Now, the simple loop on the end of a flying line is fine for small kites, where the line usually has ample strength. However, for much bigger kites, it's a good idea not to weaken the line unnecessarily. In particular, there are 2 knots which offer greater strength than the simple Loop - the Double Loop and the Figure Eight knots.
If you're in the habit of using a Truckie's Knot to pull some bow into a spar, then of course, that uses the Loop Knot as well. No need for anything fancier there.
The Dowel Sode uses 2 long loops of flying line to tension the bowed horizontal spars away from each other. The simple Loop is adequately strong in this situation too.
The Double Loop is significantly stronger than the Simple Loop. That is, it does not weaken the breaking strain of the line as much. However, it's almost as easy to tie as the Simple version. Just wrap the loop around twice instead of once. That's it. Use this knot on the end of your flying line, so it can be attached to a kite bridle with a Lark's Head.
This knot is also worth remembering whenever you want to tie a large knot that will not pull through another knot. For example, near the towing point of a keel. Or perhaps to make completely sure a Slip Knot doesn't slip undone! In both those cases, the Double Loop looks neatest when the loop is tied as small as possible. After all, the loop itself is not being used for anything.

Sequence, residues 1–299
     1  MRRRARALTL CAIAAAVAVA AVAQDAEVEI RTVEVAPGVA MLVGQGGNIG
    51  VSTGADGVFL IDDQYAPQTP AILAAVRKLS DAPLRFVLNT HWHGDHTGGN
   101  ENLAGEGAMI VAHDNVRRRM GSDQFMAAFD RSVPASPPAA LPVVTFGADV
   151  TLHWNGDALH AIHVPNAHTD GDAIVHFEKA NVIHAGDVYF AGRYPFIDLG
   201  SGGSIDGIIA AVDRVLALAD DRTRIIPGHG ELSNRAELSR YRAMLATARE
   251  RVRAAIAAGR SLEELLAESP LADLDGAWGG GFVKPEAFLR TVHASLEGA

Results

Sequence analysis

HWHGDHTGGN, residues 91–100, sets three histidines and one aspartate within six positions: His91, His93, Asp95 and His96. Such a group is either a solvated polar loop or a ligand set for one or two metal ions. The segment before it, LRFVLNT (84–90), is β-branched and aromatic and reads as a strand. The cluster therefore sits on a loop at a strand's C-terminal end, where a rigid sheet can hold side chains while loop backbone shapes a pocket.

A double-ended flying line would also come in handy for attaching 2 kites together in a train. If the kite closest to ground had a short line out the back, with a large knot, the line to the second kite could just be Lark's Headed on. Quick and simple.
Many kite people use this knot on the end of their flying lines, which is then Lark's Headed to a kite's bridle. One day I'm going to get around to doing some tests to see if it really is stronger than the Double Loop Knot. The results will be reported on this website!
How about a loop tied into both ends of the flying line? Like the Double Loop, the Figure Eight could then be used for tethering a kite to a ground stake. Just by slipping the loop over, as long as the stake was shaped or angled to ensure the loop doesn't slip off.
ALL the knot-tying pages on this site are included in the e-book 'Making Dowel Kites' Using all the right knots is good for reliability and ease of adjustment while making and flying kites. Particularly with the huge bonus Multi-Dowel designs!
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